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Compared to other camcorders reviewed at TrustedReviews, the AG-HMC151E's video quality can't really fail to impress. Without much adjustment, it produces truly stunning footage in most lighting conditions. We were also provided with custom settings from an experienced BBC engineer, which improved things still further. Thanks to the high data rate, there is little evidence of compression artefacts, showing how H.264 has taken over the high ground from MPEG-2.
However, the AG-HMC151E doesn't provide quite the best quality in its class. The sensor system uses a trio of 1/3in progressive CCDs, similar to most camcorders at this price. Panasonic hasn't stated the pixel resolution of these sensors publicly, but the AG-DVX200 didn't have Full HD CCDs. As a result, it worked best in 720p mode, and we couldn't tell much difference between 720p and 1080p with the AG-HMC151E's footage when viewed on an HDTV over HDMI, either, implying its CCDs are similarly limited. But it did keep plenty of its colour information in lower light. Sony's PMW-EX1's larger 1/2in sensors still makes it king in this respect, but the AG-HMC151E's gain control bumps brightness without much grain. So in environments where you have no control over lighting, this is going to be a capable performer.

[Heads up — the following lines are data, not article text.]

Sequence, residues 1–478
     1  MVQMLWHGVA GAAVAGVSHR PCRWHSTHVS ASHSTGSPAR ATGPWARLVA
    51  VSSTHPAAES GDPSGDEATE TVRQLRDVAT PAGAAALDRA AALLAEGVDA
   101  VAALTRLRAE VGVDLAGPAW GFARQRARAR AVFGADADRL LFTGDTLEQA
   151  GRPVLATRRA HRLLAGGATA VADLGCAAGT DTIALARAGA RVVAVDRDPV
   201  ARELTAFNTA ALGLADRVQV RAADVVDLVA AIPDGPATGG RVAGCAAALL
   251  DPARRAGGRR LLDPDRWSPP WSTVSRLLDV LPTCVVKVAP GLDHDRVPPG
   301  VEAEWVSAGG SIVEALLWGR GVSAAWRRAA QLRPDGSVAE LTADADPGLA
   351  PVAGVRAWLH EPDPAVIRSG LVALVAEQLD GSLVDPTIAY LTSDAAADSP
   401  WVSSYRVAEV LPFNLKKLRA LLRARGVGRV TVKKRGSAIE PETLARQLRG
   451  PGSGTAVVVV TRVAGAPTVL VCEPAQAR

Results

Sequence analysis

Editing didn't prove to be a problem for 1050i-format footage. If your computer has an SD card reader, you can simply pop the memory media straight into that, or hook up the AG-HMC151E via its USB 2.0 connection and access it as a removable drive. The files were detected as regular AVCHD by all the apps we tried. Premiere Pro CS4 proved particularly smooth with AVCCAM footage. However, the Panasonic's 720/50p mode was more problematic. Premiere Pro didn't properly recognise it, and playback was very jerky, although Adobe allegedly has an update in the pipeline to combat this.
The Panasonic AG-HMC151E is more expensive than entry-level HDV models such as Canon's XH-A1 or Sony's HVR-V1E, and goes head-to-head in this respect with Sony's HVR-Z5E. However, the convenience of the SDHC recording media is undeniable, particularly if your work requires very quick turnaround. Where these other camcorders would require an expensive external FireStore drive to provide similar workflow, the Panasonic has the benefits of going tapeless out of the box. Now that SDHC media is cheap, and AVCHD widely supported by software, this is a very timely release, and a very solid choice for a variety of intensive shooting environments.
NB: Holdan Limited is a distributor of video editing and post-production equipment and the Panasonic AG-HMC151E is available to buy from a number of Panasonic retailers listed on its site.
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